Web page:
Laropiprant becomes an adjunct drug with the administration of nicotinic acid that helps lower the cholesterol levels of the body. Its potent action in managing the flushing effects of nicotinic acid makes Laropiprant an essential drug to administer together with nicotinic acid. Side effects are often evident on the use of laropriprant that every patient must be cautioned upon.

Lapopiprant together with niacin is indicated for the treatment of dyslipidemia, a condition characterized by high levels of cholesterol and triglycerides. It is also an indicated treatment for hypercholesterolemia.

Side Effects of Laropiprant

Just as with any drug, the administration of laropiprant may induce side effects. Common ones are diarrhea and loose bowel movements, abdominal discomfort, rashes and allergy, itching and hives. Indigestion, stomachache, vomiting, headache and tingling of the hands and feet are also common.

More serious side effects induced by the drug include allergic reaction, bloating of the face, lips, tongue, and throat. Some experience breathing difficulty, angiodema or difficulty in swallowing, shortness of breath, inability to stop urine and stool and cold sweating.
The elevation of liver enzymes is also another side effect of laropiprant, seen in 0.3% of patients who took laropiprant-containing medicines, like Zocor and Cordaptive. This effect is, however, asymptomatic and liver enzymes eventually return to the normal level once the medication stops.

Hepatic Upshots Due to Overdosage of Laropiprant

Severe hepatic toxicity is a risk of lapopipant overdose. The drug may dangerously interact in the presence of excessive amount of alcohol. Complications are also possible in the presence of liver disease. Patients with history of this illness should undergo liver function tests before administration, every six to 12 weeks for the first year and occasionally afterwards. Patients with increasing transaminase levels should be monitored to resolve ensuing abnormalities brought about by the intake of this drug. If found to be detrimental for the health, reduce or withdraw the medication.

Rhabdomylysis

Unusual cases of rhabdomylysis have been found due to attendant administration of lipid-altering lipopiprant and nicotinic acid. If a patient shows symptoms of this illness, constant monitoring is needed for muscle aches, tenderness, or weakness during the first months of medication, especially when dosage of this drug is increased. Periodic creatinine kinase (PCK) should be considered, though little is known if it inhibits the development of severe myopathy.

Patients older than 70 showing symptoms of rhabdomylisis should be given utter care and medication as they are more likely to suffer renal impairment, unrestrained hypothyroidism, hereditary background of muscular disorder, and muscular toxicity.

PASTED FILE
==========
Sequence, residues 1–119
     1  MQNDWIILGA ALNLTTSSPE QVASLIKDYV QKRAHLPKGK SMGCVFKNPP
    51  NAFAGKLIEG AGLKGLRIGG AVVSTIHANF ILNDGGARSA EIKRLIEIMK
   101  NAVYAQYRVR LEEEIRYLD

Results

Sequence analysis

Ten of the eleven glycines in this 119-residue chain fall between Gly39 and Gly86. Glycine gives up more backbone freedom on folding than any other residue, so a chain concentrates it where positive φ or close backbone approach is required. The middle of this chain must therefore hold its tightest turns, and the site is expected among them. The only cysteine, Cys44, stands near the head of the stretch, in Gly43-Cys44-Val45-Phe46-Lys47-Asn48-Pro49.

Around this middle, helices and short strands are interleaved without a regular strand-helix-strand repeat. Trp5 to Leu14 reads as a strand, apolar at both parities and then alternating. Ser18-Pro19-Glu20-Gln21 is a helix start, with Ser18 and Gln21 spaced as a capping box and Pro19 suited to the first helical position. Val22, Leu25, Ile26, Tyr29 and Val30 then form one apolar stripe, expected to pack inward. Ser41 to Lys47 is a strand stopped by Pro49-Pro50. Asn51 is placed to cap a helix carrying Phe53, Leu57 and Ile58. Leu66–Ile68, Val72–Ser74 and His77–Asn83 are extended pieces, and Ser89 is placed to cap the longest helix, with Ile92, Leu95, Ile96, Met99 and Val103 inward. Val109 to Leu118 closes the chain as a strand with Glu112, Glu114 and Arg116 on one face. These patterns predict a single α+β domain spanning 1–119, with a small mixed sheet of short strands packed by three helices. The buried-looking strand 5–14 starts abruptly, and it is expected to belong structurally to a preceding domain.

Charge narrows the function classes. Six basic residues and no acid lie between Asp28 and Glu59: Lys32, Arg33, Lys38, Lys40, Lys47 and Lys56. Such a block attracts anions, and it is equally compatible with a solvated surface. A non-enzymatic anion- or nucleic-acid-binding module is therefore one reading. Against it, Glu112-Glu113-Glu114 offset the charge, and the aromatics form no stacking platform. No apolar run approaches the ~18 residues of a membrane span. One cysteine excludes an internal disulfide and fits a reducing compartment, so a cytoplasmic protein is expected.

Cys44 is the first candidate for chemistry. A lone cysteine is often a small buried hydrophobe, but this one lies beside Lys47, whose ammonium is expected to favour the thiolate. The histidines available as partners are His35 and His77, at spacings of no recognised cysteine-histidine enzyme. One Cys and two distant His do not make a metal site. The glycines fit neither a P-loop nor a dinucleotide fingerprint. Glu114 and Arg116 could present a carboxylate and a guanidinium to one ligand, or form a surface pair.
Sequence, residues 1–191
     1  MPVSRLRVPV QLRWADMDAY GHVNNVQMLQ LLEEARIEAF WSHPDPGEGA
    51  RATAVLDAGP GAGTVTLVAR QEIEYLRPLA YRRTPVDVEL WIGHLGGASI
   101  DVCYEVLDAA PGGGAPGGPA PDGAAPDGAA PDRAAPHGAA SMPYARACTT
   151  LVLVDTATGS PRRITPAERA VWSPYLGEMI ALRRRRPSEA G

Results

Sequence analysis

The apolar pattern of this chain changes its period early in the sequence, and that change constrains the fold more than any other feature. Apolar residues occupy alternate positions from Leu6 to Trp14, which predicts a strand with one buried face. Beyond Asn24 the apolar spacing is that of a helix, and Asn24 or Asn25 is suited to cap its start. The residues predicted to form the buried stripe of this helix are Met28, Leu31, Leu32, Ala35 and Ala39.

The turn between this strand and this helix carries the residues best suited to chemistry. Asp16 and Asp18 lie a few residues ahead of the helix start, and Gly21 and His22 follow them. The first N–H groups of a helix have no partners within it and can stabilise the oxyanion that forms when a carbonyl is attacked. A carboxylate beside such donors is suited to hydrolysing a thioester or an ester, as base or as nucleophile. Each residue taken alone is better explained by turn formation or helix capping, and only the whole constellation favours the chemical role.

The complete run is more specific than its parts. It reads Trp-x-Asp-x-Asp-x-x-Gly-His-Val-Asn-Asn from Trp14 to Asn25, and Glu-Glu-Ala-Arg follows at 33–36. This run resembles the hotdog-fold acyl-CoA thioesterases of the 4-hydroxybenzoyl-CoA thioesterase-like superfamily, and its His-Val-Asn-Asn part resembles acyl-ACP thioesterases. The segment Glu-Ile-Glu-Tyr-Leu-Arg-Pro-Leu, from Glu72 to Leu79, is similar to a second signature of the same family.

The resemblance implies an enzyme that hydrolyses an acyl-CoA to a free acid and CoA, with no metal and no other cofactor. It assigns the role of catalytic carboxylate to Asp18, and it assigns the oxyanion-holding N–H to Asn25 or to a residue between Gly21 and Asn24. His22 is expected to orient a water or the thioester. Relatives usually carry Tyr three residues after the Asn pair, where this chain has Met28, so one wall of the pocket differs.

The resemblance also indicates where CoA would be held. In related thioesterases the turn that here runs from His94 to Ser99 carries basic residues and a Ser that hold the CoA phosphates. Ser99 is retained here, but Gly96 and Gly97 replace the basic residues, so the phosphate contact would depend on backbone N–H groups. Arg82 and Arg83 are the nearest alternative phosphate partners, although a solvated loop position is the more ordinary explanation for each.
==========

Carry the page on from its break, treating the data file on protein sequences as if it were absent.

Reminder about Laropiprant

Always take laropiprant in its proper dosage to avoid undesirable side effects and complications. Continue with the prescribed schedule of intake and dosage even in the event of a missed dose. Always consult a physician and never self-medicate to avoid undesirable side effects of laropiprant.

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The Coral Calcium Controversy

coral calcium

Coral calcium, a dietary supplement made of calcium carbonate and a wealth of trace minerals, is harvested off the shores of Okinawa, Japan. This much acclaimed mineral is best known for its proclaimed ability to change the alkalinity of water-based solutions. Many individuals, inspired by the teachings of Robert Barefoot, hold to the belief that coral calcium is a cure-all for a number of diseases.

The Robert Barefoot Theory Concerning Coral Calcium

Robert Barefoot is a bio-chemist and promoter of coral calcium. His theory advocates that while a healthy person has a high pH or alkaline reading and high oxygen levels, a person that is ill has a low pH reading and low oxygen levels. If the the pH levels of the sick can be raised or changed to alkaline, that person can overthrow any illness in question. Barefoot believes that the alkalinity of coral calcium can cure some 200 degenerative diseases caused by calcium deficiency.

Controversial Issues Concerning Coral Calcium

Laboratory analyses performed on coral calcium reveal that this supplement contains significant amounts of heavy metals, including lead. These findings pose a direct confrontation with Robert Barefoot's Coral Calcium theory for ultimate health. In fact, according to Andrew Weils, founder and director of the Arizona Center for Integrative Medicine, the claim that better health can be achieved by creating a more alkaline body has no basis in science. Coral calcium supplements, although more expensive than regular calcium supplements have not been proven any more effective. It is recommended that individuals needing extra calcium should take calcium carbonate products which are 30-35% absorbable in the body. Coral calcium is not 100% absorbable.

Another concern is that coral calcium causes severe allergic reactions. Shortness of breath, swelling and hives are characteristic of individuals who are allergic to shellfish. Shellfish living amongst the coral reefs contaminate the limestone deposits which can negatively affect individuals with allergies.

Coral Calcium Manufacturing Destroys the Environment

The widespread health claims concerning coral calcium has led to mass production of the supplement.This raises environmental issues because of the destruction of the beautiful ocean reefs that have taken thousands of years to grow. The reefs are also home to many ocean creatures, including fish and lobster. Becuse living coal reefs are now endangered, it is forbidden by law to harvest them. As an altenative, harvesters are using loose limestone deposits to make the coral supplements. Calcium from limestone deposits contain pollutants and heavy metals.